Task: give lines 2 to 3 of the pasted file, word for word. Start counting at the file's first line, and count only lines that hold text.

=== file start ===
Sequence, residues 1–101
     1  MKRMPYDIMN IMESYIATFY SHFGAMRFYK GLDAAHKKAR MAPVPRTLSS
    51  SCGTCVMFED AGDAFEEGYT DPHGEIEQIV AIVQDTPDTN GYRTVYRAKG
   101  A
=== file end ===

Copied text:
     1  MKRMPYDIMN IMESYIATFY SHFGAMRFYK GLDAAHKKAR MAPVPRTLSS
    51  SCGTCVMFED AGDAFEEGYT DPHGEIEQIV AIVQDTPDTN GYRTVYRAKG